- Apple's newest MacBook Pro laptops got rid of the separate ports for charging and accessories, and instead whittled it down to two USB-C ports.
- USB-C is hyped as the replacement for regular-old USB, also known as USB Type-A. It can handle charging, plugging in external monitors, and any and all other kinds of accessories from a single cable. It's neat!
- But also, it means that you have to buy pricey, annoying dongles if you want to plug in any of the existing flash drives, mice, keyboard, or other gadgetry you already own. It's frustrating!
- Ultimately, it's hard to take Apple's big bet on USB-C seriously when not even its own iPhones come with a USB-C cable. That's right: You can't connect a new iPhone to a MacBook or MacBook Pro without shelling out for a new cable or adapter.
- It's an annoying oversight from a company that's known for nailing the details.
A few months ago, our IT department sent me a mid-2017 model MacBook Pro to replace my fast-aging MacBook Air.
To catch you up, Apple gave its premium, top-shelf MacBook Pro lineup a controversial new design starting in 2016. Its keyboard was flimsy and prone to breaking (hasn't happened to me yet, and largely fixed by a new model in 2018); some versions sported a strange Touch Bar above the keyboard (mine doesn't have one); and, worst of all, it replaced the traditional USB ports with the new, cutting-edge USB-C (the bane of my !#$%ing existence).
Yes, it's the last one that really gets under my skin. Starting with the 2016 MacBook Pro, Apple took out the charging port, the mini-HDMI port, and indeed everything but a headphone jack, and replaced it with nothing more than two USB-C ports. It could be worse, though: The regular MacBook only gets a single USB-C port.
It's easy to see where Apple was going with this move. USB-C offers many benefits over regular USB (which, by the way, is officially called USB-A) — it means that the same cable can be used for charging, for plugging in a monitor, or attaching any number of other accessories. And it sidesteps the most annoying thing about USB: The connector plugs in no matter which side is facing up. It's elegant in a way that feels very Apple-y, for lack of a better term.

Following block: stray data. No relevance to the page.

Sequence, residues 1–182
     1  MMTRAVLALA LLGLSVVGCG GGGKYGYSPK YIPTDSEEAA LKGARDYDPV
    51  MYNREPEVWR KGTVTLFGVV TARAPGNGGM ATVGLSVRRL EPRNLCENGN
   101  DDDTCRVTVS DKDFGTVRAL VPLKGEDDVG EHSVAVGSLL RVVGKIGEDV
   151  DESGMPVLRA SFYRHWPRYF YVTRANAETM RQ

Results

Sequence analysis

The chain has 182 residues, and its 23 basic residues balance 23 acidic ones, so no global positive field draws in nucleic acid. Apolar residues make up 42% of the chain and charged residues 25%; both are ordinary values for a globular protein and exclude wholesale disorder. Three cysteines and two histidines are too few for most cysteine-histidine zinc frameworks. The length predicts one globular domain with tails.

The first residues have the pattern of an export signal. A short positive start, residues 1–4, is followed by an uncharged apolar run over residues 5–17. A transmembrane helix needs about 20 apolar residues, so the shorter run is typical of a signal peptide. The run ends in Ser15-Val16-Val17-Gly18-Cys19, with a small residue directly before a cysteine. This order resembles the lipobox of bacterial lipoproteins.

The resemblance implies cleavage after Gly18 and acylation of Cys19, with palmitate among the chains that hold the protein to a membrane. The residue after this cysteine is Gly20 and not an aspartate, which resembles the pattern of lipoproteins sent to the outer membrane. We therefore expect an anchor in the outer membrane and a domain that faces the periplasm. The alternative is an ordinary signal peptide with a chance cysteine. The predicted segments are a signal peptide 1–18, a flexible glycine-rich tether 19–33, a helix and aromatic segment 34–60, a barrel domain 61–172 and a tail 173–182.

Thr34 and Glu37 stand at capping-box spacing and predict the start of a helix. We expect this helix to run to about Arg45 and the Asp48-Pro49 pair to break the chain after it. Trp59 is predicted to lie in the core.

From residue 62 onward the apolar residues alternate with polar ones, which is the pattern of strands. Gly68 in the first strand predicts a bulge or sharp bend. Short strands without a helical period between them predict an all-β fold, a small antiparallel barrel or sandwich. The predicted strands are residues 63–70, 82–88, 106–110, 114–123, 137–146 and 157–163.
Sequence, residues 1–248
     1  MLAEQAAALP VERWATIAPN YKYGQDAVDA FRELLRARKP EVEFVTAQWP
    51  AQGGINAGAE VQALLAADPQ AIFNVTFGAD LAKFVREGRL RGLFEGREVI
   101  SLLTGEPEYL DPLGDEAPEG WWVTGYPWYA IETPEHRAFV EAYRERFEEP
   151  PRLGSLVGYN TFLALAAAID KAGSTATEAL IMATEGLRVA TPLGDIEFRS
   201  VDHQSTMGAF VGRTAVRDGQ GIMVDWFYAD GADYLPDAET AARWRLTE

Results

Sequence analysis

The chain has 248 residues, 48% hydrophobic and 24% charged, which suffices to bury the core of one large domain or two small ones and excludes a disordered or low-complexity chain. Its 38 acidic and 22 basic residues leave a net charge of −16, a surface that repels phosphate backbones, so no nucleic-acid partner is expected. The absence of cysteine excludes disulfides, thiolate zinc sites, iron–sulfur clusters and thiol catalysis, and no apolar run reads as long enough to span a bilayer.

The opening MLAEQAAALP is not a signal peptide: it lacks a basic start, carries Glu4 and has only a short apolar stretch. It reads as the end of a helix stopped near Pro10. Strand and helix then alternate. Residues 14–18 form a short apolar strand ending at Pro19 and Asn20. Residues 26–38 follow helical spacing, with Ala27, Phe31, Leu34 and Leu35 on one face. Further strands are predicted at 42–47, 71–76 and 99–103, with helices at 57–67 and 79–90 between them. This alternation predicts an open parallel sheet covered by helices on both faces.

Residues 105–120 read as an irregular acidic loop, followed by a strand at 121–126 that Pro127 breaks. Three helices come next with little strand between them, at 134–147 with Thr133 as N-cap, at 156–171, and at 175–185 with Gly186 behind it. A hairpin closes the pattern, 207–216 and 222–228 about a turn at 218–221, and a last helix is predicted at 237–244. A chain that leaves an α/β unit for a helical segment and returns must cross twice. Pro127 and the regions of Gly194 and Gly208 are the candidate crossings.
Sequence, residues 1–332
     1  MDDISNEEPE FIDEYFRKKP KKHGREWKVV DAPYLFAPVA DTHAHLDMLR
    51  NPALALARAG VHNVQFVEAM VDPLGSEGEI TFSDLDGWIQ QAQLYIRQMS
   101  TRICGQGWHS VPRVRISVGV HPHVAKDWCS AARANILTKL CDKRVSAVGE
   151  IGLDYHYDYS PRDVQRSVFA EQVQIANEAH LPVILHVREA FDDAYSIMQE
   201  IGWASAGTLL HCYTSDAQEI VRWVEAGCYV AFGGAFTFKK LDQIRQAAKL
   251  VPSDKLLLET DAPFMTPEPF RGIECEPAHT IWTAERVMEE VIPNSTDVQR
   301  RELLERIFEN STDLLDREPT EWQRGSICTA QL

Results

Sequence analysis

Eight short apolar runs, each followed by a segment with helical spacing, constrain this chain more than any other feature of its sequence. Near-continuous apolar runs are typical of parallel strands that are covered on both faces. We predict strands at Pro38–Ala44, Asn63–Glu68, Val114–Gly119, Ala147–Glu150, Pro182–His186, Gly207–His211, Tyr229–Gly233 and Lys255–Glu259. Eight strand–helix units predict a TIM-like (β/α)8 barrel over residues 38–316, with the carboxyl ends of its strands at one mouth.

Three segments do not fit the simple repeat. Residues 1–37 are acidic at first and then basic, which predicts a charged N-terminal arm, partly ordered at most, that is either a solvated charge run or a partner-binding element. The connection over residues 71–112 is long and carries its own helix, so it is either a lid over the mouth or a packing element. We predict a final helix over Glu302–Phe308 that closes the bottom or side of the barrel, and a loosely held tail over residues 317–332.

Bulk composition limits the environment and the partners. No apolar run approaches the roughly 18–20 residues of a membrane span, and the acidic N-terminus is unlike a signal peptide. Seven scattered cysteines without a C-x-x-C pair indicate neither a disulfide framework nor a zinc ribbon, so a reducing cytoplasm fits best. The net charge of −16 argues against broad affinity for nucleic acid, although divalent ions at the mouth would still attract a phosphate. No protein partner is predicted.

It also means that any USB-C charger can work with any USB-C gadget. When I'm traveling, I don't need to pack a separate charger for my Nintendo Switch — my MacBook Pro charger will power it up just fine. (I mean, I pack a separate Switch charger anyway, but that's because I'm neurotic, not because I have to.) If you have a phone or tablet that charges via USB-C, like a Google Pixel 2 or Microsoft Surface Go, you'd be able to charge it from there, too.
It's not unusual for Apple to get out ahead of the curve on new standards like this. The original iMac caught a ton of flack in the '90s for not including a floppy disk drive, but that turned out to be the right move, as the rise of the internet, re-writable CDs, and USB flash drives combined to make them quickly obsolete.
This time, though, Apple may have outsmarted itself. Because while a handful of gadget-makers, like Google and Nintendo, have pushed boldly into the USB-C future, the rest of the world still runs on good ol' reliable USB-A. If you want to plug in your existing mouse and keyboard into the MacBook Pro, you still need some kind of adapter, hub, or dongle. It's what gadget-heads have dubbed "dongle hell," as plugging in everyday accessories becomes a headache.
Indeed, the largest sign that USB-C just isn't quite ready for prime-time comes from Apple itself.
Apple's newest phones, the iPhone XS and iPhone XS Max, do not include a USB-C cable, or a fast-charging power adapter with which to use one. That means if you buy Apple's most expensive new iPhone, which starts at $1,000, you can't use it with Apple's most expensive MacBook Pro without buying a new cable, or at least, an annoying dongle. All told, an Apple-branded USB-C cable, and a fast-charging wall plug to go with it, will run you another $70.
It's not the end of the world; I have to imagine that most iPhone owners charge from the wall anyway, or at least own a computer that still has an original-recipe USB port.
Still, it's a surprising oversight from Apple, which loves to boast about how well the iPhone and Mac work together. Software like iMessage and Photos works seamlessly across phone and computer, but a single cable, not in the box, makes it that much harder to connect the hardware.
Maybe Apple is once ahead ahead of the curve, and USB-C will be the dominant standard everywhere before too long. Ultimately, though, it's hard to take seriously Apple's implicit claims that the USB-C future is upon us, when not even its own megalithic iPhone business seems to believe it.
Of course, if you want to be cynical, you might point out the hesitance to go all-in on USB-C is because Apple owns the standard for Lightning, the current cable standard in the iPhone and iPad — meaning that Apple does a brisk business in licensing the technology to accessory manufacturers, not to mention its own wide range of cables and adapter it offers for sale.
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